Off The Leash (A Confession)

Michael Baugh CDBC CPDT-KSA

I let my dogs off-leash sometimes in our neighborhood in Houston, along the walking path by the drainage ditch. I bring treats and practice recall. I get ahead of them when we pass access points where other dogs might emerge. I keep my phone in my pocket. I watch them. But here’s the deal. Every time we take off our dog’s leash in the name of giving them a chance to run wild we put them in danger. Real danger. I know this.  And I’m sharing my confession so that you’ll know it too. Letting our dogs off leash in public places is dangerous to our dogs. 

A few years back a woman called me to ask about training. She’d been walking her large (80 lbs) mixed breed dog on a leash. A small chihuahua mix had run up off-leash barking and nipping at her dog’s legs. Her dog picked up the little one, shook it twice, and dropped it. The chihuahua mix was dead. It was that fast. No fight. No fuss. Just dead. That could be our dog. Not the big one on leash. The little one. The dead one.

But Michael, you might be thinking, that’s a rare thing. I’d like to think that, too. Unfortunately, though, I know better. Dogs killing other dogs is a real thing. Even if they are similar in size it can happen. I recently worked with a person whose dog bit another dog. It was relatively minor, just a couple of punctures. But the wounds got infected. The dog got sick. And, then the dog was dead.

I’m not here to tell you that letting our dogs saunter or trot along side us (or ahead or behind) off-leash is wrong. Of course, we already know that. We know it’s illegal too. That’s not the point. I’m here to remind us what we so often choose to forget. It’s dangerous. It’s dangerous to our dogs.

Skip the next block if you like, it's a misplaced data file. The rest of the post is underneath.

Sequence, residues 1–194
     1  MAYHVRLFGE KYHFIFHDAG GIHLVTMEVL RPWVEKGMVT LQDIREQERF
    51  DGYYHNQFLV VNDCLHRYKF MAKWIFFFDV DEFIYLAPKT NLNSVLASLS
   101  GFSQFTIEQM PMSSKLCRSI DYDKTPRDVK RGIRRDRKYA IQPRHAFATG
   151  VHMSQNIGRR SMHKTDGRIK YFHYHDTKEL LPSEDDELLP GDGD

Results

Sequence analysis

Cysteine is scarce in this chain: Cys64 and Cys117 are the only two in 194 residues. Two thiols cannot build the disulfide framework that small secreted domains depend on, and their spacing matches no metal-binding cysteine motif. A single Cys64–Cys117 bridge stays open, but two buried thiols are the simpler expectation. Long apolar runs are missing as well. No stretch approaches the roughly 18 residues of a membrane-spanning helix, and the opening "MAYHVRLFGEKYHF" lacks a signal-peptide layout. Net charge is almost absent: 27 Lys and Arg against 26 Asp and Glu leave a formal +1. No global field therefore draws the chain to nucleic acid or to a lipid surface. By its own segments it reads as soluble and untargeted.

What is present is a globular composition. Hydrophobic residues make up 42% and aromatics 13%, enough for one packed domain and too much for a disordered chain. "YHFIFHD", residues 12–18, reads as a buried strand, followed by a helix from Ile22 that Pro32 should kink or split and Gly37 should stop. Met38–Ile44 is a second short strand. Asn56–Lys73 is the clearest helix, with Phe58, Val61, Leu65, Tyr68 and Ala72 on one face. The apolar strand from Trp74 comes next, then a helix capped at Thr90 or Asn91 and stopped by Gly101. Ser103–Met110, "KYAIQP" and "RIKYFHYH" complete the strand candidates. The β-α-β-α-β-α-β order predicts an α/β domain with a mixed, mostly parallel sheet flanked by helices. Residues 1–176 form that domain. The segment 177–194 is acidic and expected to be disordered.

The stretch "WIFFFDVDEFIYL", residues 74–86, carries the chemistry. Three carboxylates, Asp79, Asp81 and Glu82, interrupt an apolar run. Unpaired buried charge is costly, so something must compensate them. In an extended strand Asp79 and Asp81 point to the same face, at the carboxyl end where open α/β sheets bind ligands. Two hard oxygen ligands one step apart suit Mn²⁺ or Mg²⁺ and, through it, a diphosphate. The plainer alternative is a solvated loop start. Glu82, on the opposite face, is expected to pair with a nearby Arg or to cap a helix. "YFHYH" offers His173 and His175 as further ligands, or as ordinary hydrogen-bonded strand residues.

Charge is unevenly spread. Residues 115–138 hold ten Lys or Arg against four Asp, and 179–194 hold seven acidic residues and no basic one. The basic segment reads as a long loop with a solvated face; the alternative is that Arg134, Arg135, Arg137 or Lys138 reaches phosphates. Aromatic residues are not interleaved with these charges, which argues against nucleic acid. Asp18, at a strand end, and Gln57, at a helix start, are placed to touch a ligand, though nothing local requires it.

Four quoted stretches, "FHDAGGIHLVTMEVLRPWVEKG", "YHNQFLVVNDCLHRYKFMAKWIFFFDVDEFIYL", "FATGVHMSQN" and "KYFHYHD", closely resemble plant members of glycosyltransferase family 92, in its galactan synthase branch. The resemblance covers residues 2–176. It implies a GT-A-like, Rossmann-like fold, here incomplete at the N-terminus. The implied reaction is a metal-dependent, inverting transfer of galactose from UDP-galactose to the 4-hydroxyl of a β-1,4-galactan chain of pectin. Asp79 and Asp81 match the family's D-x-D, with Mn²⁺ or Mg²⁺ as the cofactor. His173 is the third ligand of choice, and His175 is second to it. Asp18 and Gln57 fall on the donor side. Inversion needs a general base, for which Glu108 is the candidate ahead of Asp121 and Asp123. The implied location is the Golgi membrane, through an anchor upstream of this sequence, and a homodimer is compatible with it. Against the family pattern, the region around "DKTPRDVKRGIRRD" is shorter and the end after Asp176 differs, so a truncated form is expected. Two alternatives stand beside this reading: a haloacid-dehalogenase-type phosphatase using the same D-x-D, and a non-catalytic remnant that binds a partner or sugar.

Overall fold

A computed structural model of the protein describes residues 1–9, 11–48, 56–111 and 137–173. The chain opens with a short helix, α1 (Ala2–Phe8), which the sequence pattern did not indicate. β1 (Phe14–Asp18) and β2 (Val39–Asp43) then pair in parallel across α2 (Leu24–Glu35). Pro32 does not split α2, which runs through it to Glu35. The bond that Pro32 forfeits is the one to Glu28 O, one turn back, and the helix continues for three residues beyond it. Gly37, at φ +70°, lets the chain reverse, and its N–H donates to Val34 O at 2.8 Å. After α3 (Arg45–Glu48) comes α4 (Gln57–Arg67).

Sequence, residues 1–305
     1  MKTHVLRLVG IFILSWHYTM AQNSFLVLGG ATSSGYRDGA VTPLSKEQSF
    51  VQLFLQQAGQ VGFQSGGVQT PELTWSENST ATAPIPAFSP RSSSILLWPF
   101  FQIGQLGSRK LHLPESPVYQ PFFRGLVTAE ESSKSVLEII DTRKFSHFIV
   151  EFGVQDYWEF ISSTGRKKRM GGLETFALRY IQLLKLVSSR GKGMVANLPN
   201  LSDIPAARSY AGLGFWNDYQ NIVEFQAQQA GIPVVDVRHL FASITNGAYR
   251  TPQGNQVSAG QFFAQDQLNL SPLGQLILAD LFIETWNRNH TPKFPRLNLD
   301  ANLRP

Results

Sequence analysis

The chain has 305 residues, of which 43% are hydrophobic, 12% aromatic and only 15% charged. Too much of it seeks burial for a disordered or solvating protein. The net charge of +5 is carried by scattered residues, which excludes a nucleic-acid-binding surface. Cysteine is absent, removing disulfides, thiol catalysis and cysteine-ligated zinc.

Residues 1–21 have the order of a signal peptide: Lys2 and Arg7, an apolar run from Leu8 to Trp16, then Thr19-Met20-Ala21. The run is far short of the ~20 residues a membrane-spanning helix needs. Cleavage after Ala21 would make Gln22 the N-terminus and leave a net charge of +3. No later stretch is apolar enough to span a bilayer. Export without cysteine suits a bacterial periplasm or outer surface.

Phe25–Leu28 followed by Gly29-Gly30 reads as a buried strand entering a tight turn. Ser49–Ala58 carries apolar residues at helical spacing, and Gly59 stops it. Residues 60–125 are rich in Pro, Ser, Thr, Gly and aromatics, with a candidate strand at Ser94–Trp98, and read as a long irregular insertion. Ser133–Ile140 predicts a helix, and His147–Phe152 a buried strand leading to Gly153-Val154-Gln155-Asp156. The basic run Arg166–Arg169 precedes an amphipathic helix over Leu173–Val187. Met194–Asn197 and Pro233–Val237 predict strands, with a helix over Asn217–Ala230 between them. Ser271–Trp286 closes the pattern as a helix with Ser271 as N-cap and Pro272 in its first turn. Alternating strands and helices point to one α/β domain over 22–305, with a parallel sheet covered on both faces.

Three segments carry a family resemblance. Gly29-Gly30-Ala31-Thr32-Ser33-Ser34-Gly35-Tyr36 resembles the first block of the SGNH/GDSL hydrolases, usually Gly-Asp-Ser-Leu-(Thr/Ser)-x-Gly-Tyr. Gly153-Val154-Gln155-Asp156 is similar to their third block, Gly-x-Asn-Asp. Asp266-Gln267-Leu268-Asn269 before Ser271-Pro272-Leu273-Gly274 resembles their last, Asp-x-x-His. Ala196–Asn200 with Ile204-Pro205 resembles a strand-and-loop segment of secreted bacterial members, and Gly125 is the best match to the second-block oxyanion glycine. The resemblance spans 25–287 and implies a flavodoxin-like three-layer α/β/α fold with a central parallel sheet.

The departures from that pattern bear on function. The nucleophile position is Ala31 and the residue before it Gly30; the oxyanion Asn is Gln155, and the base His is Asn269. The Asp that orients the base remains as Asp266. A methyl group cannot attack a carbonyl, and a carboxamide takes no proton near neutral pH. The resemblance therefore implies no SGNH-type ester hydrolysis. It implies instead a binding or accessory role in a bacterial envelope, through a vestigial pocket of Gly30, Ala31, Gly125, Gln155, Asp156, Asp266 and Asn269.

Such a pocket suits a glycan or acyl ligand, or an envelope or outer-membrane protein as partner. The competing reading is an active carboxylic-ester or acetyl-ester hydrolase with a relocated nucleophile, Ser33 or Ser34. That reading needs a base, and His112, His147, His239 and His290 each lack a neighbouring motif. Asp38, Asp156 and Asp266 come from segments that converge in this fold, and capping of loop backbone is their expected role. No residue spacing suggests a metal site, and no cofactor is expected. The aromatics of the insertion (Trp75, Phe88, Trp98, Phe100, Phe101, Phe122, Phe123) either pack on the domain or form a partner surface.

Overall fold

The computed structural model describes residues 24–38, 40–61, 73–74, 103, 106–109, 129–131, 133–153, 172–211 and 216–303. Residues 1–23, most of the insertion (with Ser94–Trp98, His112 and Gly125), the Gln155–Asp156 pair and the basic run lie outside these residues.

Humans who are walking their dogs lawfully on-leash can get mean in a hurry, let me tell ya. They yell and they curse if your dog runs up to theirs uninvited. They will defend their dogs and their righteous position vociferously.

  • But my dog is friendly. “I don’t give a f”.” They will yell.
  • He just wants to say hi. “Get the f’ out of here.” They scream.
  • He’s well trained. “Really? Call him the f’ back to you.” They retort.
  • We do this all the time. “That doesn’t make it okay,” they claim “it just means you’re a f’ing repeat offender.”

Always the F-bombs. That’s pretty standard. They are angry, they and their leashed dogs barking like crazy.

But here’s the thing that’s really dangerous. Humans walking their dogs on-leash will actually hurt our dogs, especially if a fight breaks out. They will kick our dogs. They will spray them with citronella or pepper spray. They will throw rocks. And seriously, a lot of folks are armed. They will shoot our dogs. It’s happened. Don’t think it hasn’t.

But Michael… That’s illegal, you might be thinking. You can’t discharge a firearm in city limits. Fair enough. Take them to court. But dead is dead. There isn’t a judge in the county who’s going to bring our dog back. Hasn’t happened yet. Never will.

A few days ago we were walking our dogs here in Arizona on a trail in the shadow of the red rocks. They were on-leash. A couple of women on horseback rounded the bend. Their two large and beautiful dogs wove ahead and beside them. It was like a scene out of an old western. We stepped far off the trail to let them pass, hoping their dogs would saunter along with them. But, that’s not what happened.